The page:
- saddle joint: these joints are simialr to condylar joints but allow more movement. The only saddle joints are in the thumb.
- ball-and-socket joint: these bones fit together like a ball in a socket: the round end of one bone fits into the concave socket of the other bone. The only ball-and-socket joints are the shoulders and hips.
Joint Range of Motion
Range-of-motion means how far and in what direction a joint can move. All joints have a normal range of motion–that is when they are healthy and normal they should be able to move a certain distance and direction. Range of motion is measured in angles using a goniometer. A joint has a limited range of motion when it cannot move to it’s full range. Limited motion can be cause be injury, a mechanical problem or a disease process. When you have a physical exam, your range of motion is checked to see if you have full or limited range of motion. Surgery can also cause limit the range of motion in a joint. These are degrees of normal ranges of motion:
- shoulder: bend from 0-90°; straighten 90-0 °; move away from the body 0-90° ; move towards the body 90-0° ; rotate away form the center of the body 0-90° ; rotate toward the center of the body 90-0°
- elbow: bend from 0-90°; straighten 90-0 °; move away from the body 0-90° ; move towards the body 90-0° ; rotate away form the center of the body 0-90° ; rotate toward the center of the body 90-0°
- wrist: bend from 0-90°; straighten 0-70 °; move away from the body 0-25° ; move towards the body 0-65°
- metacarpophalangeal fingers: bend down 0-90°; straighten 0-30°
- interphalangeal – proximal: bend 0-120°; straighten 120-0°
- interphalangeal – distal: bend 0-80°; straighten 80-0°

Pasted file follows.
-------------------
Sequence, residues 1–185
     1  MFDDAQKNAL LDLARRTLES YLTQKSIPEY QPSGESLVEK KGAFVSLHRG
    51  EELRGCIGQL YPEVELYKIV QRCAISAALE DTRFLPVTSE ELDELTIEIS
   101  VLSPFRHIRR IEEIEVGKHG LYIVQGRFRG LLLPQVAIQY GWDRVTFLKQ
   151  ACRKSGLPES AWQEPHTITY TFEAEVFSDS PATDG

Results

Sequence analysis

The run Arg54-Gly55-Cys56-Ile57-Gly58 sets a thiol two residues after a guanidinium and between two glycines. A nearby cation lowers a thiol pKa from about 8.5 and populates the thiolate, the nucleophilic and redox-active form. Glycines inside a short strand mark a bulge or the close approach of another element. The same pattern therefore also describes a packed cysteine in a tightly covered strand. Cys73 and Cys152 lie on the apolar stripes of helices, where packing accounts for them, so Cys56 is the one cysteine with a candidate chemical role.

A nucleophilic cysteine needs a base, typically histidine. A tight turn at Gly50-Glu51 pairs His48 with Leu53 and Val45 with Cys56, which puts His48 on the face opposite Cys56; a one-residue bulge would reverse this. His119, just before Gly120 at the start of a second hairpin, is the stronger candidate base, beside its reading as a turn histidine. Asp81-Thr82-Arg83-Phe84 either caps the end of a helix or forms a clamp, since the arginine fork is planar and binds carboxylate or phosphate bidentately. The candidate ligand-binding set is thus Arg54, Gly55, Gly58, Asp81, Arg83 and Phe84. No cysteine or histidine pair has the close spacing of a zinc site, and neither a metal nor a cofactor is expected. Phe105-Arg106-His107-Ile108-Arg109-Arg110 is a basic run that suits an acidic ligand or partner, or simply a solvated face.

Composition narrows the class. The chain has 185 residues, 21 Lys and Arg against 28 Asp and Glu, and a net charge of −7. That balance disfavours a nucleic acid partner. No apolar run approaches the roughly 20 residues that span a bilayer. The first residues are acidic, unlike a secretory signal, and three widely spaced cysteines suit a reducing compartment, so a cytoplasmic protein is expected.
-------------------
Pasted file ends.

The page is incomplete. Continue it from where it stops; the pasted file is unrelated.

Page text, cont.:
- metacarpophalangeal-thumb: bend 0-70°; straighten 60-0°; abduct 0-50°; adduct 40-0°
- interphalangeal – thumb: bend 0-90°; straighten 90-0°
- hip: bend from 0-125°; straighten 115-0°; move away from the body 0-45° ; move towards the body 45-0° ; rotate away form the center of the body 0-45° ; rotate toward the center of the body 45-0° ; abduction 0-25°; adduction 20-0°
- knee: bend from 0-130°; straighten 120-0°
- ankle: bend downward 0-50°; move upward 0-20°
- foot: turn inward 0-35°; turn outward 0-25°
- metatarsophalangeal toes: bend down 0-35°; bend up 0-80°
- interphalangeal: bend down 0-50°; bend up 50-80°
Joints of the Upper Appendage (Arm)
- Shoulder—links the arm to the trunk. It is located away from the trunk so the arm can move freely. The arm hangs vertically beside the trunk.
- Elbow—the elbow can bend from 15 – 180 °. When the elbow is bent, the shoulder and metacarpus are in the same plane.
- Carpal—wrist joint
- Phalangeal—finger joints
Joints of the Lower Appendage (Leg)
- Hip—links the leg to the trunk. The leg hangs vertically below the trunk. The hip joint is where the hipbone joins the femur. The hip joint can bend from 0-125 ° and straightened from 115 to 0 °.
- Knee—the knee can bend from 0 – 130 ° and extend from 120 – 0 °. The knee is formed by the tibia, fibular, femur and patella.
- Metatarsal—joints in the foot
- Phalangeal—joints in the toes